Award-winning Set Designer Tanya Moore had a “paying career” in IT for 33 years. She’s volunteered building and decorating sets for 22 plays over the past seven years, joining the Board in 2019. Her favorite sets entail research to accurately represent period-specific decor and props.

“After so many years of working with my brain, it’s a real treat working with my hands to create concrete, if terribly temporary, things. This is the lowest paying and most satisfying work I have ever done,” Moore shared.

The reaction of actors and directors who get to “live” on the sets she’s created tickle her. When asked about her process she said, “I start by reading the script for the basics: location, time period, economic status, number and placement of windows, doors, stairs. I then meet with the Director to get their vision,” she said.

“Then, back to the script for furniture and props needed and how they’ll be used. Need a coffee table strong enough to dance on? A trapdoor for an actor to “disappear”? …Last, I attend as many rehearsals as possible to hone the design and react to the actors’ needs.”

Photos by Patrizia Winsper

The show must go on

Before its current location at 10 College Street NW, where they’ve been for the past 12 years, Gilmer and her team performed wherever they could. For two years they sat 40 people in the tiny gallery next to the Iron Horse Tavern.

When the city purchased the chapel on the hill, they invited Gilmer to consider it as a location for her playhouse. She replied, “I don’t even need to come see it. Let me have it!”

It took some work and creativity to turn the 19th century church into a theatre with a maximum seating capacity of 80 while simultaneously performing. The HVAC closet was converted into a box office. Risers were installed, 10-foot-long pews were replaced with comfortable chairs.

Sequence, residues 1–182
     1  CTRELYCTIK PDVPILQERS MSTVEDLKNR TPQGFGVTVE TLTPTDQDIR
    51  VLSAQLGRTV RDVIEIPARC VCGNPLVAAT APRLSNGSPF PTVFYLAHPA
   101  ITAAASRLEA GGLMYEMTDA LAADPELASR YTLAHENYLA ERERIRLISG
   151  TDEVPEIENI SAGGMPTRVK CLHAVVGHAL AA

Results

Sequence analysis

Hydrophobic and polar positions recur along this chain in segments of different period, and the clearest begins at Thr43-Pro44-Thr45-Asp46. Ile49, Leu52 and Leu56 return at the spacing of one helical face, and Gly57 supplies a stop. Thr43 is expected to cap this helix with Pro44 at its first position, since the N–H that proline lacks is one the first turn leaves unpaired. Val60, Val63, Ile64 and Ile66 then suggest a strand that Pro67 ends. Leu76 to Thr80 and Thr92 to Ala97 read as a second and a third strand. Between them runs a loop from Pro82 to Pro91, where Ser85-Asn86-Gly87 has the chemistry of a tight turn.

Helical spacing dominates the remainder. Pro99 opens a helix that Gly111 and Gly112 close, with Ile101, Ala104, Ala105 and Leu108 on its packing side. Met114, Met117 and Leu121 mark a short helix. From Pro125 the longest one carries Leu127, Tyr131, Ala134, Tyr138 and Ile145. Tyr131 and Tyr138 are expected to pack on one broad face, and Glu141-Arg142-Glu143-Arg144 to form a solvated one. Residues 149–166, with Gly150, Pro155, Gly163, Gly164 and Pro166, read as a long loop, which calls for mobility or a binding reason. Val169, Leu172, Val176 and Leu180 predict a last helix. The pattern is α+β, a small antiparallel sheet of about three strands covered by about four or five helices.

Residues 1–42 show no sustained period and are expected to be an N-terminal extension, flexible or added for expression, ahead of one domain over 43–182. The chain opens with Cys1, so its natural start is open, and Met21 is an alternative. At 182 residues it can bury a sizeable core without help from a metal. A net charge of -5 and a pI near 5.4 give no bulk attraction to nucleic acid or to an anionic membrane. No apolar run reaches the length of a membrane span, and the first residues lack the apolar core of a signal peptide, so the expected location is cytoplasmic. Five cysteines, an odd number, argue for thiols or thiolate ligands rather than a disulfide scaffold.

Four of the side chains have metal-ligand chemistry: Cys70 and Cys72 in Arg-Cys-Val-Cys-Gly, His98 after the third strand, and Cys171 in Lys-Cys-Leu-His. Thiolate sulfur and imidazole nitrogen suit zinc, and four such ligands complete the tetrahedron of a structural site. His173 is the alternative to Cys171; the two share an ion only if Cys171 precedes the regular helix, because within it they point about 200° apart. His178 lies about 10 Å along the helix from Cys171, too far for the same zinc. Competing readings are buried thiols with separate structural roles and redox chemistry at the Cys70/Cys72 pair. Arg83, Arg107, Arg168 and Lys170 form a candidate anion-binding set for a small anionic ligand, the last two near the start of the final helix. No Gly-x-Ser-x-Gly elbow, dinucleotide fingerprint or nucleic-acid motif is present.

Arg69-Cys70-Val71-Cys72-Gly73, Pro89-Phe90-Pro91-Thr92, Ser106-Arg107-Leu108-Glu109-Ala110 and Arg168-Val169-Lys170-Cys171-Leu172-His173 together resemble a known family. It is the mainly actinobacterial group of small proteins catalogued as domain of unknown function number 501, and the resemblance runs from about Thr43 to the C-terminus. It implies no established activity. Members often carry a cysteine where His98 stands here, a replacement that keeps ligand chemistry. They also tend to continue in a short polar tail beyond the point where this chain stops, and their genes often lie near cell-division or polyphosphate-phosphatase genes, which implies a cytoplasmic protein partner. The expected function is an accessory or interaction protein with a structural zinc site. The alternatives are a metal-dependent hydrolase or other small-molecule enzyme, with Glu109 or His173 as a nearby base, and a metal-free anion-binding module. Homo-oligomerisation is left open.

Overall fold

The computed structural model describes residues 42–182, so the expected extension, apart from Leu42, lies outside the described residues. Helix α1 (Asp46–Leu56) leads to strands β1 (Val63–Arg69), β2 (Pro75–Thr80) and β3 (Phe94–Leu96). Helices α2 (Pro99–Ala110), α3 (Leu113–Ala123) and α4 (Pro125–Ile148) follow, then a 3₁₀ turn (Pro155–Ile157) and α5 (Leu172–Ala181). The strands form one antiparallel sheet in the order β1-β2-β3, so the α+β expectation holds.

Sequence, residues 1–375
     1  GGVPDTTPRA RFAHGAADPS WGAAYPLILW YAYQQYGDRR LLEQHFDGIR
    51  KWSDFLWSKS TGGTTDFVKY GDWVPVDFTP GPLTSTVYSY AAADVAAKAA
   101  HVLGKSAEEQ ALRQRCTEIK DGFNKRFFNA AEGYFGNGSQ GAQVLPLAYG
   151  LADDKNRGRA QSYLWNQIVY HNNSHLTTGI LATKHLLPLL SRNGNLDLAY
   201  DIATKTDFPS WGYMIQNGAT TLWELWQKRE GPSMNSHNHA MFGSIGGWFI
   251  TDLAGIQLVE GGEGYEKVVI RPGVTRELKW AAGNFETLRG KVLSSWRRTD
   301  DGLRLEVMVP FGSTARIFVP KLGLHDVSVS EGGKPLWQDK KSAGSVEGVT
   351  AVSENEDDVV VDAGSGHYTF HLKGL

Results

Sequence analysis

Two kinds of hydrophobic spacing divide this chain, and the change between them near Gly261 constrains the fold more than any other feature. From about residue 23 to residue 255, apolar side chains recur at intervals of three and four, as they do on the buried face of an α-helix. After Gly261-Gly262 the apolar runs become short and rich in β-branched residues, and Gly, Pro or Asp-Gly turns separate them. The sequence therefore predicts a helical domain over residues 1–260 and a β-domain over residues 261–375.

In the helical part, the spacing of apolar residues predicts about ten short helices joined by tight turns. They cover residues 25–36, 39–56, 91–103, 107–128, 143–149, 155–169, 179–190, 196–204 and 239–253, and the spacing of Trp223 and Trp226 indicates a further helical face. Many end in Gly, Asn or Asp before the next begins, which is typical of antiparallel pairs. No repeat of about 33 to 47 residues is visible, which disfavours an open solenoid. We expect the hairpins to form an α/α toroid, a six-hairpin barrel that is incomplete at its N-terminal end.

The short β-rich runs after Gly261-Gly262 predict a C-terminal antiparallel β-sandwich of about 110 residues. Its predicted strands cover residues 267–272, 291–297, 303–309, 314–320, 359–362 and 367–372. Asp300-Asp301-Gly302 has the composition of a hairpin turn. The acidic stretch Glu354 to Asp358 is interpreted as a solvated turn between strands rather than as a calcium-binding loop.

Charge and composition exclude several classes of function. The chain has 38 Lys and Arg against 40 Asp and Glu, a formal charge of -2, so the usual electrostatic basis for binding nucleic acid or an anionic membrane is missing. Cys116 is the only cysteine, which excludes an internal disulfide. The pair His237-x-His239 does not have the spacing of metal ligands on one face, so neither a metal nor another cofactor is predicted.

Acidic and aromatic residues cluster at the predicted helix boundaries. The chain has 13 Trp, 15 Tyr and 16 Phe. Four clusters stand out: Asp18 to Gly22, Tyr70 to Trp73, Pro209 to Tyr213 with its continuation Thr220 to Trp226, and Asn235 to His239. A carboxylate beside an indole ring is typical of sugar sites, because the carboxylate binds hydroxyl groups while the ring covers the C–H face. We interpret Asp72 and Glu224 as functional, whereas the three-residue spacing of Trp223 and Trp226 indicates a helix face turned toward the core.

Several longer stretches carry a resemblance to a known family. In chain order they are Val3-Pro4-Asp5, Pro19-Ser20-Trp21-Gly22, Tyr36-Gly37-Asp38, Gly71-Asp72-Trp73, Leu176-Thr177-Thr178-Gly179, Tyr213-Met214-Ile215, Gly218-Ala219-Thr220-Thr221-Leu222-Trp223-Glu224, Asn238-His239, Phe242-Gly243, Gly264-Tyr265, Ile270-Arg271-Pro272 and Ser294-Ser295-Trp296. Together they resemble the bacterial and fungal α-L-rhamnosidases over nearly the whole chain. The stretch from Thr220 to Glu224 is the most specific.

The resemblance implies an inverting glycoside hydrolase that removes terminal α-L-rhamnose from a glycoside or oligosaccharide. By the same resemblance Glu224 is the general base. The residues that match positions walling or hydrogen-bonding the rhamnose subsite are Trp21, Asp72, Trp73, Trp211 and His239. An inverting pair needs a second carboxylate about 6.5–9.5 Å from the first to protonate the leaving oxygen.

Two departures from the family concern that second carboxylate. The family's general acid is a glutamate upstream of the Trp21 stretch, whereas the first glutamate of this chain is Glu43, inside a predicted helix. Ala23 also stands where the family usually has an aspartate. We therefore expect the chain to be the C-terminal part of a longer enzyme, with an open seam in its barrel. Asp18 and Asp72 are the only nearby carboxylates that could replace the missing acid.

The city stepped in to build a stage. Two former pastors’ offices were made accessible; they now serve as dressing rooms.

“We just wanted a roof! A permanent home builds your audience,” Gilmer said.

In fact, merchants have noted the theatre’s popularity. People who had never heard of Norcross were suddenly coming for dinner and a show. It’s promoting the city. Restaurants take on extra staff when a show is coming because they get busier. Merchants are invited to offer discounts for audience members on show days.

However, Gilmer also pointed out, “We still have people who live in Norcross and don’t realize we’re here.”

Patronage pays

Proceeds from ticket sales pay for the next show, the rent, classroom and rehearsal space, stipends for directors, tech people and sometimes actors, royalties paid to publishers for the use of each play, climate-controlled storage facilities for costumes, sets, props, furniture, walls and stairs.

A portion of sales goes back into supporting the community in the form of donations and drives. Gilmer believes the rent paid to Norcross for the theatre goes into a budget used to further the arts in the city. “Art for Art,” Gilmer smiled.

If Aunt Caroline (portrayed by Valarie Taylor in Lawless Spirits) were reading your fortune as she famously did at the Brunswick Hotel in the 1900s, she’d tell you it’s time to go to a show! You can’t beat the price: $18 for adults, $16 for seniors and students, $14 for parties of 10 or more, $120 for a Flex Pass — 10 tickets to use however you choose. And dessert is included!

Gilmer would also encourage you to support local artists and businesses. “We may not be the Alliance, which is fantastic, or the Aurora Theatre, which is phenomenal, but there’s some good stuff going on, some good talent that should be seen and celebrated. We just had one of our kids in Mary Poppins at the Aurora. He was amazing.”

Have Lionheart add you to their quarterly e-blast newsletter. Norcross residents can keep an eye open for upcoming shows in the city’s newsletter and on their utility bills.

Lionheart’s sweet tooth

A dessert theatre? Indeed! Continuing a tradition stemming from their early performances at church dinners, Lionheart has always served dessert. Be treated to cake or pie, coffee and water. Donations are accepted for beer and wine.

Audiences select what they want from among plated slices of cake and pie to be enjoyed outside, at their seats or in the large lobby shared with the Norcross Cultural Arts Center as they peruse the art exhibits.